A Multicriteria Multilevel Group Decision Method for Supplier Selection and Order Allocation

A Multicriteria Multilevel Group Decision Method for Supplier Selection and Order Allocation

Mariya A. Sodenkamp (University of Paderborn, Germany) and Leena Suhl (University of Paderborn, Germany)
Copyright: © 2012 |Pages: 25
DOI: 10.4018/ijsds.2012010103
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Abstract

Supplier selection is an integral part of supply chain management (SCM). It plays a prominent role in the purchasing activity of manufacturing and trading companies. Evaluation of vendors and procurement planning requires simultaneous consideration of tangible and intangible decision factors, some of which may conflict. A large body of analytical and intuitive methods has been proposed to trade off conflicting aspects of realism and optimize the selection process. In the large companies the fields of decision makers’ (DMs) expertise are highly distributed and DMs’ authorities are unequal. On the other hand, the decision components and their interactions are very complex. These facts restrict the effectiveness of using the existing methods in practice. The authors present a multicriteria decision analysis (MCDA) method which facilitates making supplier selection decisions by the distributed groups of experts and improves quality of the order allocation decisions. A numerical example is presented and applicability of the proposed algorithm is demonstrated in the Raiffeisen Westfalen Mitte, eG in Germany.
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Proposed Algorithm And Its Application

Taking complex multicriteria decision, including purchasing, is a consequent multistage process. We designed the algorithm that includes 16 steps summarized.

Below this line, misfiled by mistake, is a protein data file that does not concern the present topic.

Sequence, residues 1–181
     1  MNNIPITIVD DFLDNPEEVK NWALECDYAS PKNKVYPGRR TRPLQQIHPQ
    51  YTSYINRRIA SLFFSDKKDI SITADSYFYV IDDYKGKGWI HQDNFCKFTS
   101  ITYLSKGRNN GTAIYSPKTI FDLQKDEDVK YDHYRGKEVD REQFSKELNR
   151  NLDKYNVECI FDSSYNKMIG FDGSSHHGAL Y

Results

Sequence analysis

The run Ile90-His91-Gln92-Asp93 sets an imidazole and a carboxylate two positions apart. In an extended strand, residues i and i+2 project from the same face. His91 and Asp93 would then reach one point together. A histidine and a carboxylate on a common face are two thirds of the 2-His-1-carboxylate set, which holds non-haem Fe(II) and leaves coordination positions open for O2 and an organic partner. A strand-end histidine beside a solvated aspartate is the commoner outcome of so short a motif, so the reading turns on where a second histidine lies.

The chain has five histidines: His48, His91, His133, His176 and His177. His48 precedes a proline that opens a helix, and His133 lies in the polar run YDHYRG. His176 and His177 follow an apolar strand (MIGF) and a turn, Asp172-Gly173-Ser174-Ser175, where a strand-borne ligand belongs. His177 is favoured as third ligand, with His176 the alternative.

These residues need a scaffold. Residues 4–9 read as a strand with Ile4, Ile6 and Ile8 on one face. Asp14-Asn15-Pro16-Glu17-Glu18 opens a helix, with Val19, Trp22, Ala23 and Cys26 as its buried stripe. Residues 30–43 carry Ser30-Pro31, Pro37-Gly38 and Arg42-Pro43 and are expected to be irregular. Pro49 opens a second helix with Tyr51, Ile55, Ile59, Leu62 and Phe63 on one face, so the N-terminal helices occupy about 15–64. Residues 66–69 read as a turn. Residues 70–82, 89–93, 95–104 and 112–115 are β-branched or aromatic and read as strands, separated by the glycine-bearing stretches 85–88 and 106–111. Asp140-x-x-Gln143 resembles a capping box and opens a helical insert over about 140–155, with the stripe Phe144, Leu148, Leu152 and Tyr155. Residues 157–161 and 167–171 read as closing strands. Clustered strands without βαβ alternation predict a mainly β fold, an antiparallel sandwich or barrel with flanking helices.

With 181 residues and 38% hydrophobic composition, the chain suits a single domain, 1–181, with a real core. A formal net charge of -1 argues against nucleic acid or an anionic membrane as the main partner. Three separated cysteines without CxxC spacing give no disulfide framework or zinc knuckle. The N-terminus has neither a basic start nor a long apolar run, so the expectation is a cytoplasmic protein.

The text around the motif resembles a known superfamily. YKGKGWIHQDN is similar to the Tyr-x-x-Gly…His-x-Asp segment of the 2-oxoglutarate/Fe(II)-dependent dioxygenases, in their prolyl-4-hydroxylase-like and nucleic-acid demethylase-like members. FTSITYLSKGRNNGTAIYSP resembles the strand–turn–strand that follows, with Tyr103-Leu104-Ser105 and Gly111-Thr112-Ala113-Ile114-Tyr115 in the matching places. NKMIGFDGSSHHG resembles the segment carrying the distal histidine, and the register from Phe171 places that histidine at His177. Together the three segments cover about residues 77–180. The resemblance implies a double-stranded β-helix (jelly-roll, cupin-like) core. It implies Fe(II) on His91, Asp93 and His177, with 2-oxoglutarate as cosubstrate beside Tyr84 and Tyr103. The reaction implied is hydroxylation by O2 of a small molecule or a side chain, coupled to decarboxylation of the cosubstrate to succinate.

1. Identify Overall Purpose of the Decision

A first step of MCDA is to establish a clear goal pursued. Generally decision theory deals with three main types of problems: choice, ranking and classification (Zopounidis, 2002). Choice is selection of the most appropriate alternative or set of alternatives. Generally, organizations have two approaches to supplier selection. The first approach is to select the best single supplier, which can meet all the requirements (single sourcing). The second approach is to select an appropriate combination of suppliers (multiple sourcing) (Sanayei et al., 2008). Ranking of suppliers is ordering of alternatives based on measuring of their contribution to the achievement of the stated decision objectives. Classification is division of alternatives into predefined homogeneous classes which are not necessarily ordered, on the other hand in sorting problems groups are ordered from the best to worst (Zopounidis, 2002). The proposed multilevel group framework is aimed at performing the following analytical functions:

  • Derive consensus based rankings of suppliers in accordance with their strategic performance. Rankings serve as a legitimate and transparent foundation for establishment of partnership strategies, selection of long-term contractors and stimulation of supplier development.

  • Classification of vendors into the groups reflecting their relative competitive advantages and disadvantages.

  • Support Just-In-Time (JIT) purchasing decisions for trading activity based on market-rate prices taking into consideration compound strategic weights of vendors.

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